The Tokyo Olympics Appoint Seiko Hashimoto As Chief

    • The former chief, Yoshiro Mori, resigned last week after backlash to sexist comments he made.
    • Hashimoto won a bronze medal in 1992 for speedskating.

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The Tokyo Olympics are making a major statement in Japan — they’ve put a woman in charge.

After Yoshiro Mori resigned last week following scrutiny over sexist remarks, Seiko Hashimoto, a former Olympic bronze medalist in speedskating, was appointed as the new president of the Tokyo Olympic organizing committee. Mori came under fire after saying he thought women on committees talk too much.

Mori originally handpicked another man in his 80s as his successor before the committee’s executive board — which is 80% male — took over. Hashimoto said she plans to double the amount of women on the committee to 40%.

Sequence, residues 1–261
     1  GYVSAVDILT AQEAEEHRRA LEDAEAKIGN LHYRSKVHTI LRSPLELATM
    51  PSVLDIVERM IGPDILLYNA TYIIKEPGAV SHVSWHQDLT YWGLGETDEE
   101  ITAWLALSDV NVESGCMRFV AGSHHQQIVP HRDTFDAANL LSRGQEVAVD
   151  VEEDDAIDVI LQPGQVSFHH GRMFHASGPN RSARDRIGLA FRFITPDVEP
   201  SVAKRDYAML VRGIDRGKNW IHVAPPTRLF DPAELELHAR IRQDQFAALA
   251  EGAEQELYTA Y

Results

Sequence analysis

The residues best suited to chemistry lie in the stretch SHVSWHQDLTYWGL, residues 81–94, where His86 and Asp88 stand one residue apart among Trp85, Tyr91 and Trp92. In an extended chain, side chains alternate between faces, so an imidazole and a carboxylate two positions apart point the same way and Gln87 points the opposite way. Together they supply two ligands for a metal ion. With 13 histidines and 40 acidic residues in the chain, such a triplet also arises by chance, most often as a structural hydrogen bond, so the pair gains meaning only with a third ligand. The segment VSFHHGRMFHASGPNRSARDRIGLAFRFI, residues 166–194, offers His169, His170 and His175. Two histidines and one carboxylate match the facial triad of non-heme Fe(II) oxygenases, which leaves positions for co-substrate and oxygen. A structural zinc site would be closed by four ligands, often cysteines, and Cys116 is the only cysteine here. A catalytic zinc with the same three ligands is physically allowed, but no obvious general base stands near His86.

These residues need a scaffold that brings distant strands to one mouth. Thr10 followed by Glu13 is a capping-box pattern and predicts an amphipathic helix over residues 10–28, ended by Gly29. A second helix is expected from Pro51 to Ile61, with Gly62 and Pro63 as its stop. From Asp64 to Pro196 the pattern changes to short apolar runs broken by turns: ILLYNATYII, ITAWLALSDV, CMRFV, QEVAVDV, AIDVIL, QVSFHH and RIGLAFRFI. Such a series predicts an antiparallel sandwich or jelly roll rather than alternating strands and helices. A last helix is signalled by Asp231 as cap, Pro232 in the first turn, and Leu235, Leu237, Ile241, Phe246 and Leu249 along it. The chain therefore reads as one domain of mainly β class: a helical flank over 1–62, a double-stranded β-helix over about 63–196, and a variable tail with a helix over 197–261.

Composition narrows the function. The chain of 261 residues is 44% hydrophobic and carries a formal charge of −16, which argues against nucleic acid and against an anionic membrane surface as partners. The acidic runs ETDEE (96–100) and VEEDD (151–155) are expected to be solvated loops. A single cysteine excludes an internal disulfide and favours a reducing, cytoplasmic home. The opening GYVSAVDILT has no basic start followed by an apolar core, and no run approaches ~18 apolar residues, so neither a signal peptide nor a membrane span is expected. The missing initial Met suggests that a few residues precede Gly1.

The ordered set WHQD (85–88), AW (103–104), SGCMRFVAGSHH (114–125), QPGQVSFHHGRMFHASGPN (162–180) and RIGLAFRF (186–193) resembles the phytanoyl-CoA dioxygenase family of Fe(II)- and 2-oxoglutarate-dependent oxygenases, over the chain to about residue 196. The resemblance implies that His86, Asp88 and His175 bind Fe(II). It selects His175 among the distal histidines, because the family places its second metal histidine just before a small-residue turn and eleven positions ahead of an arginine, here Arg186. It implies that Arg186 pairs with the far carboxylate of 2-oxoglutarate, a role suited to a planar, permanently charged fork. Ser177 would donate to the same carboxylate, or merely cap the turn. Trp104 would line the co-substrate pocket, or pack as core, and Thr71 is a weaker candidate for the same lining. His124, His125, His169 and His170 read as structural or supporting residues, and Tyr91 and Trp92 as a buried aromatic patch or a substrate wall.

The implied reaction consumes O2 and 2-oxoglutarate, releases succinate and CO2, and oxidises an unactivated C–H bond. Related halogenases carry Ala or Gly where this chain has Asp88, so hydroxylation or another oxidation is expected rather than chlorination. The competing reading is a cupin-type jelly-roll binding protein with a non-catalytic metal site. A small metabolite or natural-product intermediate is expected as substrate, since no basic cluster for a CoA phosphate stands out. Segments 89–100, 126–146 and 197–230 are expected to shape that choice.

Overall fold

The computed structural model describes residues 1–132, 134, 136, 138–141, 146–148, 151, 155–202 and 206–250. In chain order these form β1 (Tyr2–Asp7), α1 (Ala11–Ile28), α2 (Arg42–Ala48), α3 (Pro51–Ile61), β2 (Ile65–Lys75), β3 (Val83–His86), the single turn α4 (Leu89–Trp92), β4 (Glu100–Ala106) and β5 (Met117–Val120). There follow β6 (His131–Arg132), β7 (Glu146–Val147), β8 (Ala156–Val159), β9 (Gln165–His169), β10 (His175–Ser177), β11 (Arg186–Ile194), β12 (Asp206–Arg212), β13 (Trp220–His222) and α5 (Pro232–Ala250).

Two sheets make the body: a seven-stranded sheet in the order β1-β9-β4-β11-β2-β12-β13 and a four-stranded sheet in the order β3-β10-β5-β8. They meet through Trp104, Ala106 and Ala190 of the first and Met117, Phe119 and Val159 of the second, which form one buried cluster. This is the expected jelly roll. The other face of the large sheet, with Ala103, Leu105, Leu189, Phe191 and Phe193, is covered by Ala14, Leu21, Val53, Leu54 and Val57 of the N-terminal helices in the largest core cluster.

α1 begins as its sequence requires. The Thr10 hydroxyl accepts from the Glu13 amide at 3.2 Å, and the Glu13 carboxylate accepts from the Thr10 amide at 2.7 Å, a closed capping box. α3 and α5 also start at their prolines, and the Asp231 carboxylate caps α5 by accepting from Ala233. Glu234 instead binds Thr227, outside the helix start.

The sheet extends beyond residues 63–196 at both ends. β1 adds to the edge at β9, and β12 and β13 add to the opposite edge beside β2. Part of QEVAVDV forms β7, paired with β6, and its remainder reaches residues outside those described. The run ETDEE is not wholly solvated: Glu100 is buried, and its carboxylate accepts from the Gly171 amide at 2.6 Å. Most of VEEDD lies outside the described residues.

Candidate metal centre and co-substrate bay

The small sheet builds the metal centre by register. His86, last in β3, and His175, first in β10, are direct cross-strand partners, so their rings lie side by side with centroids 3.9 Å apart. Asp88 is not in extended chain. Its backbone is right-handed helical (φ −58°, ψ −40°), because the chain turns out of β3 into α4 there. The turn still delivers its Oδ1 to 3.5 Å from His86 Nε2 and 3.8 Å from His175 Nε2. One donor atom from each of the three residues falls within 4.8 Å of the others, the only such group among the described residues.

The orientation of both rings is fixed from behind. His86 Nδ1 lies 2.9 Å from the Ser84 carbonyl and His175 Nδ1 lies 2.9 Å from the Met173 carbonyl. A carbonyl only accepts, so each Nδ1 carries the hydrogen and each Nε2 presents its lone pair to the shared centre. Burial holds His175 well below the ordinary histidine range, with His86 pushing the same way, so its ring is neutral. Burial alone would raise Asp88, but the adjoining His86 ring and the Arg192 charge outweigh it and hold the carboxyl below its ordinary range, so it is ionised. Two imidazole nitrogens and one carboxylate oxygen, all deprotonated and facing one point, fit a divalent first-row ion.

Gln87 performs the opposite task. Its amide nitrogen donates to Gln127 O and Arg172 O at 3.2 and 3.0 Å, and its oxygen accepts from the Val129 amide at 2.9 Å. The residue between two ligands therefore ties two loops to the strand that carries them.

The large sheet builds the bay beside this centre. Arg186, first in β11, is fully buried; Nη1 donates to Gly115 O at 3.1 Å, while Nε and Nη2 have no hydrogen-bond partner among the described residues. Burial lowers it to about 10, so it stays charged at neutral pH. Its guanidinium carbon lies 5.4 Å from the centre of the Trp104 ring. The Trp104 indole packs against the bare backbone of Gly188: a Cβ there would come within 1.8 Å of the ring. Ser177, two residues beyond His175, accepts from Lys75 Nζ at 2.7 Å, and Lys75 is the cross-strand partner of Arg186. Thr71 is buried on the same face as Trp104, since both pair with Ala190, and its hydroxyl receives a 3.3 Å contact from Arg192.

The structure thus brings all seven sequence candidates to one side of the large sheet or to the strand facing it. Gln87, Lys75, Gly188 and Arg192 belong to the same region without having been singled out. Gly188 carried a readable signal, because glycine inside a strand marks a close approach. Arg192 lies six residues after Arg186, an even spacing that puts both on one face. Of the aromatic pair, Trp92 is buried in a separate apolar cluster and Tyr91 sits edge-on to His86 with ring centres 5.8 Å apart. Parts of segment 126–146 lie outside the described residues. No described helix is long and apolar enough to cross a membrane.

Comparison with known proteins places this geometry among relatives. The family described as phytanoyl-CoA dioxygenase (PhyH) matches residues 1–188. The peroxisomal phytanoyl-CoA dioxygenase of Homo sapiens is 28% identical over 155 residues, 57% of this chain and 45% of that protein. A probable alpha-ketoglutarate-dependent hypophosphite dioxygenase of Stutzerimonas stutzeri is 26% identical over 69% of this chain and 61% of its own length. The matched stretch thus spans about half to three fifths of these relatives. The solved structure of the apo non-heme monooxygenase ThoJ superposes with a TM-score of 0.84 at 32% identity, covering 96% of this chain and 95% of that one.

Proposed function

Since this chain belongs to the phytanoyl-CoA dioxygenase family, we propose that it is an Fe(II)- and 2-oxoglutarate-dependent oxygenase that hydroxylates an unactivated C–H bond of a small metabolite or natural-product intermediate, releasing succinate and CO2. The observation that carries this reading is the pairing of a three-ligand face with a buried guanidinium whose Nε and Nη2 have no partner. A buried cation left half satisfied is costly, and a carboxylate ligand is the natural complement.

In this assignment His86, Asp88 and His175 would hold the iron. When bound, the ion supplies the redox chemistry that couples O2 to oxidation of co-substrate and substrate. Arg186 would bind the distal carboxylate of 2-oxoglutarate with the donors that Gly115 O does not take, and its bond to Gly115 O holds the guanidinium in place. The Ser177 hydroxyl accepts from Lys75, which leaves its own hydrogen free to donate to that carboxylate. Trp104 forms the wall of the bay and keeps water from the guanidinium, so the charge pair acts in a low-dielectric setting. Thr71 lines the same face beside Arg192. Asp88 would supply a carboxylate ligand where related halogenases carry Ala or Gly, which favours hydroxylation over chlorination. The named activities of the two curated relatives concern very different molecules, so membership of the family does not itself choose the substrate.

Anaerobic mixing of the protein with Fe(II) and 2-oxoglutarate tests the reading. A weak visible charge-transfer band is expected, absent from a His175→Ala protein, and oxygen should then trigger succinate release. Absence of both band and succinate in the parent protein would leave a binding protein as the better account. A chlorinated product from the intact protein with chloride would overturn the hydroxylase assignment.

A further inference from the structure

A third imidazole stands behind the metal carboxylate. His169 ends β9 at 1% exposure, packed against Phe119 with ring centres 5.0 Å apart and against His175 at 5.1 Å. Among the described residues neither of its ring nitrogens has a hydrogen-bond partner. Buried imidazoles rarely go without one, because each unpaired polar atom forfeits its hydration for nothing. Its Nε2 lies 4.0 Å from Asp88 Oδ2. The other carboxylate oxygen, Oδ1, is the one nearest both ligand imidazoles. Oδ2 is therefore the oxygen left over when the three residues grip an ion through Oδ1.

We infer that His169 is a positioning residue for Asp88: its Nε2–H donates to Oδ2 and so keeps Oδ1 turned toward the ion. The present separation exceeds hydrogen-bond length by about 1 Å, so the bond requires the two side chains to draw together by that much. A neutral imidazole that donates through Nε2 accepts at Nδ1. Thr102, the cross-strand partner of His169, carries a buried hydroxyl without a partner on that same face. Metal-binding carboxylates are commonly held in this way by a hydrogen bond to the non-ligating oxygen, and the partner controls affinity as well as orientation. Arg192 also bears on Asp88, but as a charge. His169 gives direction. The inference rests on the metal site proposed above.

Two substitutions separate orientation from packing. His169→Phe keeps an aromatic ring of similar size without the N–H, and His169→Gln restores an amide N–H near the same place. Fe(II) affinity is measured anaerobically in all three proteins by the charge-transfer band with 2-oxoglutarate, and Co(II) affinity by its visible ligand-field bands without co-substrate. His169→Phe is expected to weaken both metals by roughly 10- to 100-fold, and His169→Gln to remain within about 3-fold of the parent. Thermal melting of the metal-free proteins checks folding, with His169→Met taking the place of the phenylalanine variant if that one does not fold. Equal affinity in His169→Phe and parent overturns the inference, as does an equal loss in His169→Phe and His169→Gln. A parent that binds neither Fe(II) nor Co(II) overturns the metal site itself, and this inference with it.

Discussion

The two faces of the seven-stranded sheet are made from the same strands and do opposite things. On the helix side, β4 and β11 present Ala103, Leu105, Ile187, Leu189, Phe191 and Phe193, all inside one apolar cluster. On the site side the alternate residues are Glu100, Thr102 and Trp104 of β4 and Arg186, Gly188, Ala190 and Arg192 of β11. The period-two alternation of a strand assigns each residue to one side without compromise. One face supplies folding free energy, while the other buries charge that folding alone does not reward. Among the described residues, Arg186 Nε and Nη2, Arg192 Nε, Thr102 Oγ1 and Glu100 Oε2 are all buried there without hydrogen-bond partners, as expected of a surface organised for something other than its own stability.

“I’ve not seen this much movement or energy for gender equality in Japan for a long time,” said Kikuko Okajima, chair of the Women Empowerment League.

Hashimoto was at the center of her own controversy in 2014 when she led the Japanese delegation at the Winter Games in Sochi, Russia. She was photographed repeatedly kissing Daisuke Takahashi, a male figure skater who appeared uncomfortable in the moment. Takahashi said he didn’t consider the incident harassment, and Hashimoto has stated she hopes to show her “corrected behavior” through her leadership and regrets her “thoughtless actions.”

While Japan is taking every step it can to host the games, polls show 80% of the Japanese public want this year’s Olympics canceled, most likely in fear of worsening the pandemic.

The Tokyo games are set to be the most expensive in history with the official cost at $15.4 billion, however government audits say the price is closer to $25 billion.